Dear geeks, …
Let’s face it: There are numerous things the iPad does not do. Just as the iPod, it is bound to iTunes. Just as the iPhone, it is a closed environment. It’s Apple that decides what you are allowed to install, it’s not you. There is no stylus and no text recognition. There is multitasking in the iPad – but Apple does not allow third party developers to use it. You can not change the number of applications on the home screen. The iPad does not display your due appointments on its lock screen. There are more things it does not do than things it does do.
If all of these features are that important for a tablet to be capable of, answer me one question: Why don’t you simply buy one of the other tablets that are that much better?
I’ll tell you: Because there are no better tablets out there. There are other tablets, but just like iPod and iPhone, the iPad is the first product of its kind that does the basics right. Doing the basics right is way more important than having fancy features. Unless she’s a geek, your sister does not care about multitasking (“No, I have never seen this Lost-FM you are talking about on my iPod. Mine has no radio build in. Oh, did you know that the iPod continues to play when you close it? Isn’t that exactly what you want it to do?”). She does not care about not being able to install the latest open source tool – she’s happy not to have to ask you to do this install thing once she downloaded this neat-plushy-animals-game. That’s basic for her: Being able to use the features the device provides.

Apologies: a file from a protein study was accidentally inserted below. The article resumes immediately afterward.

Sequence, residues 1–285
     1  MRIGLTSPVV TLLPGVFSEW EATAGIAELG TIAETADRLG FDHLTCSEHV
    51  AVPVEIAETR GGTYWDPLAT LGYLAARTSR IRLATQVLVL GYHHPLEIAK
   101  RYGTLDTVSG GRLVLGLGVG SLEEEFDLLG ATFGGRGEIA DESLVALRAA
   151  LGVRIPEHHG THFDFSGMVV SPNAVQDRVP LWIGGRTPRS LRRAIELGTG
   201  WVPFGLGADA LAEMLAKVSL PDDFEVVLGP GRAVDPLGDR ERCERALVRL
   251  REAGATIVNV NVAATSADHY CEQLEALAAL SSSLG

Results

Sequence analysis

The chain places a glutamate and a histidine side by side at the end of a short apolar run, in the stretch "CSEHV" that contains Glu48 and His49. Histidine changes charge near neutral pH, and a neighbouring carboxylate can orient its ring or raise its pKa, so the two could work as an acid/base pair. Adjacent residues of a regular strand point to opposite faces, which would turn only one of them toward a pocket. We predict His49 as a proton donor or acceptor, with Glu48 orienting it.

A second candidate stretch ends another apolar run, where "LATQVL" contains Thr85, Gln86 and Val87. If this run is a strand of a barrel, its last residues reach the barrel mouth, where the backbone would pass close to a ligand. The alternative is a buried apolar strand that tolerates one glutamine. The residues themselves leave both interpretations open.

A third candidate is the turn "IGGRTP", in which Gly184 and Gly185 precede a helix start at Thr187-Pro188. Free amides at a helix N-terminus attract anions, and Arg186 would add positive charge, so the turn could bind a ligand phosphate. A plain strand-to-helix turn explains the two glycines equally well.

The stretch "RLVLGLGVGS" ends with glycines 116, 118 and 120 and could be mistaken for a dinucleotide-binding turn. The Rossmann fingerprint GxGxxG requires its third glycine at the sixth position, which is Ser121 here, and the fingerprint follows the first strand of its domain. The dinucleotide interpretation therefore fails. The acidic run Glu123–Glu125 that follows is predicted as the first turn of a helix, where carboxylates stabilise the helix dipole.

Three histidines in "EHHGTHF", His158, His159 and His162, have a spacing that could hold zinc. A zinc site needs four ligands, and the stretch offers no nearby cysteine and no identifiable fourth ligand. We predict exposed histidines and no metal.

As all Apple devices, iPod, iPhone and Mac, the iPad is not the answer to all questions. It’s the answer to the question: “How can I use these cool new technologies on my couch without having to become a geek?” That’s it. Nothing more, nothing less. (Don’t forget: “cool new technologies” means: Web, mail and some games)
It seems to me as if everyone (well: every geek) expected Apple to release this ultra-cool, geek-ready Uber-tablet. Apple does not build geek-gadgets. They build solutions for the main stream users. They always did. And: They are pretty darn good at it. For us geeks, this is a problem: There is no company that builds equally good devices for our needs. Do you think, we should blame Apple for this? I don’t think so.
Oh, and to write it down: I think, from the pure user’s point of view, the iPad is actually the magical, ground breaking revolutionary device that Apple promised. Ask your non-geek-relative!
Update: Also read this answer to my thoughts.